A Canadian writer teaches English and finds out what it's like to be a foreigner.

Thursday, May 31, 2007

The Score

Sometimes I have no faith in the mechanics of what constitutes teaching at a Hagwon.

It just sort of feels like unadvised, unregulated meandering towards a set of standardized tests which are either overly ambitious, or outright wrong.

PELT and TOEFL are the big tests that are used to quantify a kid's skill in English. I've always been of the opinion that standardized testing is a useless exercise, even back home, but here in the multi-million dollar ESL industry, grades are the Holy Grail and they've got to come from somewhere.

There's a new test that we were looking at our school which contained a particular question that made me balk at the process. It asks the student to choose one sentence out of five, which is "awkward or incorrect in standard English."

Although they claim these tests are written in part, or at least reviewed by native English speakers, they still contain strange turns of phrase such as "this cake eats crisp" or misquoted idioms like "beggars are not choosers." That's fine I guess, but the following really baffled me:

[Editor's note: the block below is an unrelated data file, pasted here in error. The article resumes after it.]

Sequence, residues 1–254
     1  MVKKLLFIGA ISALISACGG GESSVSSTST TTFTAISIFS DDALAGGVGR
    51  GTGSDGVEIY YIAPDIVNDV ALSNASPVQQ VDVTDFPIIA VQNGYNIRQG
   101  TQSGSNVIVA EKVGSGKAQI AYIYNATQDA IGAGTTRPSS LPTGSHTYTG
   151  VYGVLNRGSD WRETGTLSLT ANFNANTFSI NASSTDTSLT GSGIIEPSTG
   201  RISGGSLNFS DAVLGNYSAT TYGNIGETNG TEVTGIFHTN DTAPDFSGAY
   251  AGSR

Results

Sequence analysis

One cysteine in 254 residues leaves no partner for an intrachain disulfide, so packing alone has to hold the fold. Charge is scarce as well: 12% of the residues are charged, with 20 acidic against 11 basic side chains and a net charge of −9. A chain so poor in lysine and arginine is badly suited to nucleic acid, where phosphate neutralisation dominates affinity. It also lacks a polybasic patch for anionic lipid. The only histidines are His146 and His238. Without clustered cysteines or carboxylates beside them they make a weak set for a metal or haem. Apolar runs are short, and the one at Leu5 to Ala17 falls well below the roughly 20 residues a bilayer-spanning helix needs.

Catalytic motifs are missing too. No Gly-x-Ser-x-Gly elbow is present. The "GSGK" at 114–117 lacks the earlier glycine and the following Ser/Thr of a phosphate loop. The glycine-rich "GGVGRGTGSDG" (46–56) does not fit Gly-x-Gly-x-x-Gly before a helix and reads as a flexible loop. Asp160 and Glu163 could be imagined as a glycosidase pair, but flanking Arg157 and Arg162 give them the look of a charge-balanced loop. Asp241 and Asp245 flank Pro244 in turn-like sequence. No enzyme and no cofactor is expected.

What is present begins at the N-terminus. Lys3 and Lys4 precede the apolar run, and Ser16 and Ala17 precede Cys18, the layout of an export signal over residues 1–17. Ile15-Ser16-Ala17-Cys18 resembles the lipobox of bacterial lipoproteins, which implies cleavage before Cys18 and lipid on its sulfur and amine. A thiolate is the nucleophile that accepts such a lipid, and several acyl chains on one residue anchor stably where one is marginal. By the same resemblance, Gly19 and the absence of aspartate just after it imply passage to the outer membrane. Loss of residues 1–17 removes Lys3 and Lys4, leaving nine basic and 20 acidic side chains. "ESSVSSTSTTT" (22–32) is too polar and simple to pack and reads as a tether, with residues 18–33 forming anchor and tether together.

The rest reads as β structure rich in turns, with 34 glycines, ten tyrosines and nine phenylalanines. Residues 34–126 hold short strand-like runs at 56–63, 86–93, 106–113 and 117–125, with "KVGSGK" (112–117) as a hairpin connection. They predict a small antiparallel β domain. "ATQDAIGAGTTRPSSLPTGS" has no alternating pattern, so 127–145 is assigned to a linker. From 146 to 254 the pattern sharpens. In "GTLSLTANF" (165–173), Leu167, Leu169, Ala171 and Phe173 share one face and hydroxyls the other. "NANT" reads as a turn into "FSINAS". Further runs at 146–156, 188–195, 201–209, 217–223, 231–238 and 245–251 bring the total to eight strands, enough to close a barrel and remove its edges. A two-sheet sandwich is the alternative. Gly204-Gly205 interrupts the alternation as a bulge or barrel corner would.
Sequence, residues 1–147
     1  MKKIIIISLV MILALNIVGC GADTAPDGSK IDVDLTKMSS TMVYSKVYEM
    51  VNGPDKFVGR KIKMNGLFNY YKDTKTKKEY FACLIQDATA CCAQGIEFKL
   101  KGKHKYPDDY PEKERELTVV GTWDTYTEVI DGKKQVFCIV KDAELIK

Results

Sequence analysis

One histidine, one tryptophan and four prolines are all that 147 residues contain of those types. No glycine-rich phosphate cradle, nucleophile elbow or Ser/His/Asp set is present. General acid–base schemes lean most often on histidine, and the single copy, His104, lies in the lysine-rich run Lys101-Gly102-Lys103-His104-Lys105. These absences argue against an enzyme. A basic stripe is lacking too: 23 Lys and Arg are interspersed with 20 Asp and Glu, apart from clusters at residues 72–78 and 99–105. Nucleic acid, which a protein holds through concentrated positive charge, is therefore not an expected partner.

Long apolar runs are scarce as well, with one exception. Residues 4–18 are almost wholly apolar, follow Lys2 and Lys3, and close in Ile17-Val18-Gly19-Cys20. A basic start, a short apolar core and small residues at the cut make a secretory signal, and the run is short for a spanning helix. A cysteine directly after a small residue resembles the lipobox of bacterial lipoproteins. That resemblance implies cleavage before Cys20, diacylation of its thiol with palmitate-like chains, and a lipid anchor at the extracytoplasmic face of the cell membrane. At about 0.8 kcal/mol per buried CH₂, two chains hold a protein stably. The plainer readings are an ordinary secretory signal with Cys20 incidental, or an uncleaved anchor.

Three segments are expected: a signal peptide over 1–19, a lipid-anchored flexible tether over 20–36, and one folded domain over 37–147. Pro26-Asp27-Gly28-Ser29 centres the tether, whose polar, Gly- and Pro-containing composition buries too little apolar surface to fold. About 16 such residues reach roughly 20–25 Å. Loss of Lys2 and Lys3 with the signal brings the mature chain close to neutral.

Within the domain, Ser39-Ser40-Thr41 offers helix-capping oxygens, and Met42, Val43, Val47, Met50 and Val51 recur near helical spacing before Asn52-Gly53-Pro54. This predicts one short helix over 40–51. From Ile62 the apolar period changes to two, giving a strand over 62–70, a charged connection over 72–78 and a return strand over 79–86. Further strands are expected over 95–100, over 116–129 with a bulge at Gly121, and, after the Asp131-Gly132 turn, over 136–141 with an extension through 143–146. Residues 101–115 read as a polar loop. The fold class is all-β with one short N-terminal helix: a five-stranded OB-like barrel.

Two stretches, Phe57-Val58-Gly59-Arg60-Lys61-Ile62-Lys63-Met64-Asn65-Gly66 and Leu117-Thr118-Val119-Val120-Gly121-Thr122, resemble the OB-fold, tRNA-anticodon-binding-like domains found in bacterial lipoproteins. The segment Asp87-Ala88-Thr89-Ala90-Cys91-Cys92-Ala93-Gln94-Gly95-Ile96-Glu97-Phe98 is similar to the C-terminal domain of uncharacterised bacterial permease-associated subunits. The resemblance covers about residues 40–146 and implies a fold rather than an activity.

1. Thanks for filling me in.
2. It's not over till it's over.
3. I can't stomach his jokes.
4. Are you still sored at me?
5. Could you amplify it a bit?

Obviously no one would use the phrase "are you still sored at me?" and the proper thing (though a bit dated) would be "are you still sore at me?"

According to the answer key, the appropriate correction should be:

"Are you still soring at me?"

What drunken pastiche of a film noir hero would use a phrase like that? Is soring even a word?

I didn't figure it was.

I looked it up.

"v. sored, sor·ing, sores: